Foreman Ivan Gorich monument can be equally called the memorial to the heroes of the Russo-Turkish War of 1787-1791. It is very unusual, and I think deserves to be seen even if you are not too keen on the military history. It wasn’t too hard to find as it’s situated in the centre of Ochakiv, in a small public garden at the crossroad of Schmidt and (if I’m not mistaken) Lenin streets.
Ivan Gorich, the hero of 1768-1774 Russo-Turkish war, was a colonel then brigadier by the beginning of the next war of 1787. During the 1788 Ochakiv (the then Turkish fortress) military assault, Gorich was the commander of the largest and best-manned 6th column, assigned with direct attack of the fortress’ 5th bastion from the north-east. To cut the attack time, most of the military men used no ladders or entrenching equipment. At the head of the column, Gorich was one of the first up to the ramparts and died in the battle. Prince Grigory Potemkin described this moment of the Ochakiv assault in his report: “Intrepid hero foreman Gorich, who had marked his service with incredible bravery, was the first up on the bastion, together with his demise”.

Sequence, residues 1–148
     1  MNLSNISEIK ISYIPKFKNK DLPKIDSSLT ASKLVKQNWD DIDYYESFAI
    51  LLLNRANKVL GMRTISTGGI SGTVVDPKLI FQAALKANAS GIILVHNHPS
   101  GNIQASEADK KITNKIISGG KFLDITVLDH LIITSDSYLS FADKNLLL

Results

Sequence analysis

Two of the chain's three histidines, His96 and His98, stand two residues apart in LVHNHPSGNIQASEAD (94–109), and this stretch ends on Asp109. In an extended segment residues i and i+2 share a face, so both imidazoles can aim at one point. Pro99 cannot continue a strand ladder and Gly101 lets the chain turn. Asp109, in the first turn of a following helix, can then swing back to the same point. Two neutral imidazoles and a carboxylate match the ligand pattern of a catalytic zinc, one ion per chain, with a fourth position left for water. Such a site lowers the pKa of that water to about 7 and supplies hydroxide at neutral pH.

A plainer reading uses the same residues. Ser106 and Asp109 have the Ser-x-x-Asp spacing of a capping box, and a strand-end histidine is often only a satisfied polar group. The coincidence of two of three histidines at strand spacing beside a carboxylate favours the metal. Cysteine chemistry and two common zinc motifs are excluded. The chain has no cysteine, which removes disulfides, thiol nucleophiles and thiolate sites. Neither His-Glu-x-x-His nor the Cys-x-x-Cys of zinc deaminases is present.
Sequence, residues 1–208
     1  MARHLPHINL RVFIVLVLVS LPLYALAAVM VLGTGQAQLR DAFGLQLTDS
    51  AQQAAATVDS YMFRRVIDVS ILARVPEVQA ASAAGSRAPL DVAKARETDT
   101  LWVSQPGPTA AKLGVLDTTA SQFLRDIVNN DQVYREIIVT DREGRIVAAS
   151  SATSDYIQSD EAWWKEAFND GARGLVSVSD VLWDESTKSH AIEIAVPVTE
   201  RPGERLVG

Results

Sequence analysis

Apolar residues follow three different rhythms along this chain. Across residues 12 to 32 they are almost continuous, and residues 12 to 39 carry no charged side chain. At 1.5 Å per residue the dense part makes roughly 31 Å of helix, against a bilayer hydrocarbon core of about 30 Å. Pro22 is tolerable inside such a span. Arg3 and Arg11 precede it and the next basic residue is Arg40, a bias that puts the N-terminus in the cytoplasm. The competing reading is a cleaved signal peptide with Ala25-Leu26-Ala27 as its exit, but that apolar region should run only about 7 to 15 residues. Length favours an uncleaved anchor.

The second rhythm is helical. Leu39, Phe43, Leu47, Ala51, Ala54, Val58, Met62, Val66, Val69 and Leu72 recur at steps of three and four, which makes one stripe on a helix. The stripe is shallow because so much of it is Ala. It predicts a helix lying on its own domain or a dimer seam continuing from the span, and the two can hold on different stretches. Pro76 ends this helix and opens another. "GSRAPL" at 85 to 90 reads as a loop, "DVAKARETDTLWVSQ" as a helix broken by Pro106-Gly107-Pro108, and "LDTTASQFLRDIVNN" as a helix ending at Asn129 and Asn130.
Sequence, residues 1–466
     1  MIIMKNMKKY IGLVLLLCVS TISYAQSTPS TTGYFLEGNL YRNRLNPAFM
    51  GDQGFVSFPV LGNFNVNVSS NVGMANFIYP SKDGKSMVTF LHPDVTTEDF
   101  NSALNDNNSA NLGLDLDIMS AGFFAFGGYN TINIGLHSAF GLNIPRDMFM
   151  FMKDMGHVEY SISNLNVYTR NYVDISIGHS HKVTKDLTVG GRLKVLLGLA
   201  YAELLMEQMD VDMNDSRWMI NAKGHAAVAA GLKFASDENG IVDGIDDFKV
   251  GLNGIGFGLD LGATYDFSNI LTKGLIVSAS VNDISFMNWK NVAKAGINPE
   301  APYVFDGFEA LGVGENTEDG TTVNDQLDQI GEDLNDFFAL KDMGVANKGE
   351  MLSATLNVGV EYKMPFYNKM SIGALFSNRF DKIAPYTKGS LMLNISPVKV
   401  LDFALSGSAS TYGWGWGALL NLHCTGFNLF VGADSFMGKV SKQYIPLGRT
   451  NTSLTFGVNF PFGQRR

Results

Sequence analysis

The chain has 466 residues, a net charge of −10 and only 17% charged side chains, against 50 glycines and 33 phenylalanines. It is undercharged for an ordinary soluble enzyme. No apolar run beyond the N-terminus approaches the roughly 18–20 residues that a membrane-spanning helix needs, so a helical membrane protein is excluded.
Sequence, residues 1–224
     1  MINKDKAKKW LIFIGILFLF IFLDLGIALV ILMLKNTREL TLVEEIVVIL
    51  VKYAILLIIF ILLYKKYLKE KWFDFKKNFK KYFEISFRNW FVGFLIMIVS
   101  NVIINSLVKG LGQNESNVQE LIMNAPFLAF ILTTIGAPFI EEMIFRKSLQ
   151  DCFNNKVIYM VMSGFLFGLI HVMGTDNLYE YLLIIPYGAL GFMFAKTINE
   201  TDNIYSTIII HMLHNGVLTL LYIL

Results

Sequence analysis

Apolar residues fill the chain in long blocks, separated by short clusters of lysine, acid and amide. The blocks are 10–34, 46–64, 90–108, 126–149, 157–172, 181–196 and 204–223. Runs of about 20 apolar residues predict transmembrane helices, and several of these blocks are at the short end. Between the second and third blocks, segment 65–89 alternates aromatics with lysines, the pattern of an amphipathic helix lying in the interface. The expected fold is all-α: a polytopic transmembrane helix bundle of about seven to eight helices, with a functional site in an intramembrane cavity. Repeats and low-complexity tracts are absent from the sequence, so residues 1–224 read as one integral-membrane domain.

The monument is symbolic; you won’t see the traditional statue of a military hero. Instead, it is represented by the eagle with outspread wings that is sitting on the top of the pyramid gathered from 30 cannonballs. Few more cannonballs are placed in each corner around the pyramid pedestal. This is not an original monument, but a somewhat rougher replica of the earlier one, created by the supreme permission in 1903.
Sadly, it has been too often in the focus of local vandals. Not only there were numerous attempts to steal the cannonballs, but also one of the plates on the monument had been stolen recently. Such a shame.